The phenomenology of remembering is an epistemic feeling

Frontiers in Psychology (forthcoming)
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This paper aims to provide a psychologically-informed philosophical account of the phenomenology of episodic remembering. The literature on epistemic or metacognitive feelings has grown considerably in recent years, and there are persuasive reasons, both conceptual and empirical, in favour of the view that the phenomenology of remembering—autonoetic consciousness, as Tulving influentially referred to it, or the feeling of pastness, as we will refer to it here—is an epistemic feeling, but few philosophical treatments of this phenomenology as an epistemic feeling have so far been proposed. Building on insights from the psychological literature, we argue that a form of feeling-based metacognition is involved in episodic remembering and develop an integrated metacognitive feeling-based view that addresses several key aspects of the feeling of pastness, namely, its status as a feeling, its content, and its relationship to the first-order memories the phenomenology of which it provides.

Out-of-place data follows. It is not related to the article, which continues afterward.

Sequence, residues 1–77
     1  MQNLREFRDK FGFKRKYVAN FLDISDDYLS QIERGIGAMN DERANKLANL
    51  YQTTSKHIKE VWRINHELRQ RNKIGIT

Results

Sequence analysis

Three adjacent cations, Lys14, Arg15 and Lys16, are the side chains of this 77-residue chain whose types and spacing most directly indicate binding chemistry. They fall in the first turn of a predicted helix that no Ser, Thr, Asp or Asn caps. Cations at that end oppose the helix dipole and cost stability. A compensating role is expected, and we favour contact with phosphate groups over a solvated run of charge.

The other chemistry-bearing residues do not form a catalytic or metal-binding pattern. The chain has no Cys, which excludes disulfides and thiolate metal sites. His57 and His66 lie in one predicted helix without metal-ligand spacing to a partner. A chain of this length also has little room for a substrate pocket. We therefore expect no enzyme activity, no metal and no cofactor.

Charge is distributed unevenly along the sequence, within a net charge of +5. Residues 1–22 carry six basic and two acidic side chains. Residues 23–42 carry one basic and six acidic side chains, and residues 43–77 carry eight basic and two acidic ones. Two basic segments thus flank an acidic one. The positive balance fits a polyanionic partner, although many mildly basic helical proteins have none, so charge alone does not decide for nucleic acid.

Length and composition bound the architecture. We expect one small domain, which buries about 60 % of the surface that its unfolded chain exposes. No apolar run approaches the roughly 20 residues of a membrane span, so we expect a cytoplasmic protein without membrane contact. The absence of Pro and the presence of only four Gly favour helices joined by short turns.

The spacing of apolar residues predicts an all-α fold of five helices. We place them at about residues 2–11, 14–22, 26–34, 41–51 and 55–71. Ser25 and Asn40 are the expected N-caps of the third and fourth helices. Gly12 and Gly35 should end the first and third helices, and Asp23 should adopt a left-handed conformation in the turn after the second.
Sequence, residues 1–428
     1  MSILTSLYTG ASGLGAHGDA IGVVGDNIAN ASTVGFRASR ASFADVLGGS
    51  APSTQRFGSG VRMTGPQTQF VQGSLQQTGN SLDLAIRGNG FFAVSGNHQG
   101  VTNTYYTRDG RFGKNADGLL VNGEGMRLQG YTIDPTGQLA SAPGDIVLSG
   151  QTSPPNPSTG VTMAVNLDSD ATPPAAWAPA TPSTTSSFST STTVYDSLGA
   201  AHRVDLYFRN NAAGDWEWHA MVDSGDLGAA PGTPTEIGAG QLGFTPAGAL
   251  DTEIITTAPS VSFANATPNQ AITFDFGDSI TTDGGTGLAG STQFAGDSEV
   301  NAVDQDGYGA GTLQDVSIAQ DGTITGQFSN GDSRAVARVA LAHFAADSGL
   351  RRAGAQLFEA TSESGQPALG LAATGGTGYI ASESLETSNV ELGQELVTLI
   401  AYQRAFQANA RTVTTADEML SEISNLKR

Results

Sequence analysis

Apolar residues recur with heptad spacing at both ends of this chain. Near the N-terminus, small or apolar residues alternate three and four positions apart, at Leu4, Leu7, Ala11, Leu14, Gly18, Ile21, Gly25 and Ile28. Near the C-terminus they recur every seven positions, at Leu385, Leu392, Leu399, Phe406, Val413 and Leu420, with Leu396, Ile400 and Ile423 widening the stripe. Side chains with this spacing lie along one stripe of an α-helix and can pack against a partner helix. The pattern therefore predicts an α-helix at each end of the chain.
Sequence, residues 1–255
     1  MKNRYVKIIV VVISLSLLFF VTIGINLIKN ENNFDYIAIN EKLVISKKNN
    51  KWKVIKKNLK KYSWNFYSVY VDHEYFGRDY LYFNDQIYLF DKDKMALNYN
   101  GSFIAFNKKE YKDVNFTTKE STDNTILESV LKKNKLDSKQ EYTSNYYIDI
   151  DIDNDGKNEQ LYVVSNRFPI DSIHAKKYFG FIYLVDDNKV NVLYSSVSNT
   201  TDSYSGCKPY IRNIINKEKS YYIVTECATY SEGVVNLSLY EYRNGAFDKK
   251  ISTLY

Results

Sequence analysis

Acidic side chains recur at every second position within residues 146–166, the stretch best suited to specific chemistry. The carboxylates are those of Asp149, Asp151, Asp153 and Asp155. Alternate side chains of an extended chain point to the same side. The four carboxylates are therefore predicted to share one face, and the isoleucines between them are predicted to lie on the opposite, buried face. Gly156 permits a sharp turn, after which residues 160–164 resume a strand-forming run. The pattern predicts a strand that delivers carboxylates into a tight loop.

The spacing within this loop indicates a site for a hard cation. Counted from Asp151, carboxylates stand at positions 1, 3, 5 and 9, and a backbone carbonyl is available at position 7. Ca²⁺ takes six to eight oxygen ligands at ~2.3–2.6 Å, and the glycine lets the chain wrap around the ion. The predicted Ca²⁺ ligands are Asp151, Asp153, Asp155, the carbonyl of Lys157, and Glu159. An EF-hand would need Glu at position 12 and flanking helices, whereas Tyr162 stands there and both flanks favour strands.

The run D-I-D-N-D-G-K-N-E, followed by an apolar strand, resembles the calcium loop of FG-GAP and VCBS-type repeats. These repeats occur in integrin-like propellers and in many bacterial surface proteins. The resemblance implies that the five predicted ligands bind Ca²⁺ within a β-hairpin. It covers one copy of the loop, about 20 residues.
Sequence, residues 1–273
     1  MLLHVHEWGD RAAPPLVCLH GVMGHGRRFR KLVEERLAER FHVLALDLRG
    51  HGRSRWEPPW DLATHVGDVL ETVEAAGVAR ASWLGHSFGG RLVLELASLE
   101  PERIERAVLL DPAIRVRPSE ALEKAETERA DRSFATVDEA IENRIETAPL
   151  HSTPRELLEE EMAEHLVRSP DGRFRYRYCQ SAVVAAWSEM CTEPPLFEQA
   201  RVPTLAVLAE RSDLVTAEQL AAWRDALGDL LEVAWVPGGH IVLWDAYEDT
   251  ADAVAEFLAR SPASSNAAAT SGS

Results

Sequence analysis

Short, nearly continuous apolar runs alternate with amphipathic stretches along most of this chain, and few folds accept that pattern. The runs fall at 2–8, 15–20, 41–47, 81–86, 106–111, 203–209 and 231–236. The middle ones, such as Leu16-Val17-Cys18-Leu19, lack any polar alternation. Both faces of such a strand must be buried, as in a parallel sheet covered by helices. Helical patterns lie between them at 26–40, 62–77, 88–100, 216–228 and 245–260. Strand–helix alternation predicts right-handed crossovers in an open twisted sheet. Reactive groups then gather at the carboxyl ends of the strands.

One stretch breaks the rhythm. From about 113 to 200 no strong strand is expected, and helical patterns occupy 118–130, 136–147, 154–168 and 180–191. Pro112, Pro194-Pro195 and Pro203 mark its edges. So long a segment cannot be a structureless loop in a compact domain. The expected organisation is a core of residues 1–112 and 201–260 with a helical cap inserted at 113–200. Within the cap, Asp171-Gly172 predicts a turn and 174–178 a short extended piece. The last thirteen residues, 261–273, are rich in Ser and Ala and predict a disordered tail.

Author Profiles

Kourken Michaelian
Université Grenoble Alpes
André Sant'Anna
University of Geneva


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